William Thomas HAMMOCK, who has been called to the important position of assistant attorney general of AR & who is also known as one of the prominent Masons of the state, makes his home at Heber Springs, although his official duties require much of his time at the capital. He was born on a farm in Calhoun Co., MS, Dec. 24, 1866, but the greater part of his life has been passed in this state, for his parents removed with their family to Independence Co., AR, in Nov., 1870, settling on a farm there. His father, George W. HAMMOCK, was born in Grenada, MS, Feb. 8, 1846, & was a youth of but 17 years when he entered the Confederate service as a member of a MS regiment in the Civil War. He served from 1863 until the close of the hostilities & was with Forrest's command. On the 25th of Dec., 1865, at Water Valley, MS, Mr. HAMMOCK wedded Mary Jane SIBLEY, who was born at that place in 1850. They resided for 5 years in their native state following their marriage & then came to AR, in Cleburne Co., & has since given his attention to agricultural pursuits there. His political allegiance has always been given to the democratic party. To him & his wife have been born 6 sons & 6 daughters, of whom 4 daughters 3 sons are living.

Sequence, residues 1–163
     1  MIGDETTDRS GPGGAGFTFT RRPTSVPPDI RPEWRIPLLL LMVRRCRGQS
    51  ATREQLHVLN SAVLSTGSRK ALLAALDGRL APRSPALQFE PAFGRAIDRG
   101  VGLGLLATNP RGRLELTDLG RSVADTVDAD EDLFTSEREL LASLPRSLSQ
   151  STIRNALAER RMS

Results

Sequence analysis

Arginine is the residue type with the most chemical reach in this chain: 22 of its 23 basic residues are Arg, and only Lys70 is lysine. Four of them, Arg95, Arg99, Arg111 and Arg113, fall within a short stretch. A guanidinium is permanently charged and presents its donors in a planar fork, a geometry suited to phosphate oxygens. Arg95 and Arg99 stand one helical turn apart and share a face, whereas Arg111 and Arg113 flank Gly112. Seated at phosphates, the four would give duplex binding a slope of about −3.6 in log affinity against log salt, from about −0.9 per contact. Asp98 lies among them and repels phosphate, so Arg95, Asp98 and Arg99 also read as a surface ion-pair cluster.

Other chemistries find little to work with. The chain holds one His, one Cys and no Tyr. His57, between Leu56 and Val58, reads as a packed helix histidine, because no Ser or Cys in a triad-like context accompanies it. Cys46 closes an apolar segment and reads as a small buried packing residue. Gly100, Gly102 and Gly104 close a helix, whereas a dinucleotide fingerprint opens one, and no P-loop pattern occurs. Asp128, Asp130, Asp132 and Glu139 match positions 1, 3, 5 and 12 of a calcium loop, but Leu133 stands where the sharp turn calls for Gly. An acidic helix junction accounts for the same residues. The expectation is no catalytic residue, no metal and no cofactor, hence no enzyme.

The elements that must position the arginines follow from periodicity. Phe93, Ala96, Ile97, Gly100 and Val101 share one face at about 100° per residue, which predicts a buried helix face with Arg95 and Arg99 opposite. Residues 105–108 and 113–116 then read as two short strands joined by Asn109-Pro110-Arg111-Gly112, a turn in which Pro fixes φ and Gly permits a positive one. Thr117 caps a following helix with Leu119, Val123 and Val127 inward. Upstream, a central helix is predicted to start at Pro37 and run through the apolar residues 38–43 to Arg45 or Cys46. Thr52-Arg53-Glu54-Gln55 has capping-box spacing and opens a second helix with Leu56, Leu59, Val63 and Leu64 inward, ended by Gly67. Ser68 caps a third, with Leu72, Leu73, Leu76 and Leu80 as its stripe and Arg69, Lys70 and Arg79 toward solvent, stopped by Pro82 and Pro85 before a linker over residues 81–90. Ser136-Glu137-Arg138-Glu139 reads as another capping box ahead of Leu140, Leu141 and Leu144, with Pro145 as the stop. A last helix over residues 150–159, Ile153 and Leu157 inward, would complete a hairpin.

William T. HAMMOCK, the eldest of the family, was reared in the usual manner of the farm bred lad, who divides his time between the acquirement of an education, the pleasures of the playground the work of the fields. After attending the country schools of Independence Co., AR, he continued his education in Washington Academy of the same county & later was graduated from Quitman College, now Hendrix College, at Conway, Ark., with the class of June, 1887. It was his desire to become a member of the bar & accordingly he took up the study of law, being admited to practice in 1893, in which year he located at Quitman, where he remained for a time & then removed to Heber Springs, where he now makes his home. Since admitted to the bar he has continuously engaged in the practice of law, covering 28 years & has steadily advanced in his profession until his position is a prominent & enviable one. At different periods he has been called upon for important public service & his record has always been charactorized by marked loyalty & fidelity to duty. From 1888 until 1890 he was county superintendent of schools in Cleburne county, Ark., and the cause of public education has ever found him a stalwart champion. He has also been secretary of the school board at Heber Springs, Ark. From 1899 until 1903 he was state senator from the 26th senatorial district & proved a capable working member of the upper house, carefully informing himself concerning all vital questions that came up for settlement. He was county & probate judge of Cleburne Co., Ark, from 1914-1916. In 1918 he was made a delegate to the constitutional convention, where his sound judgement & knowlege of the law combined with marked fidelity to the interests of the commonweath made him largely an ideal member. In April, 1921, he was appointed assistant attorney general of the state & is now occupying that position.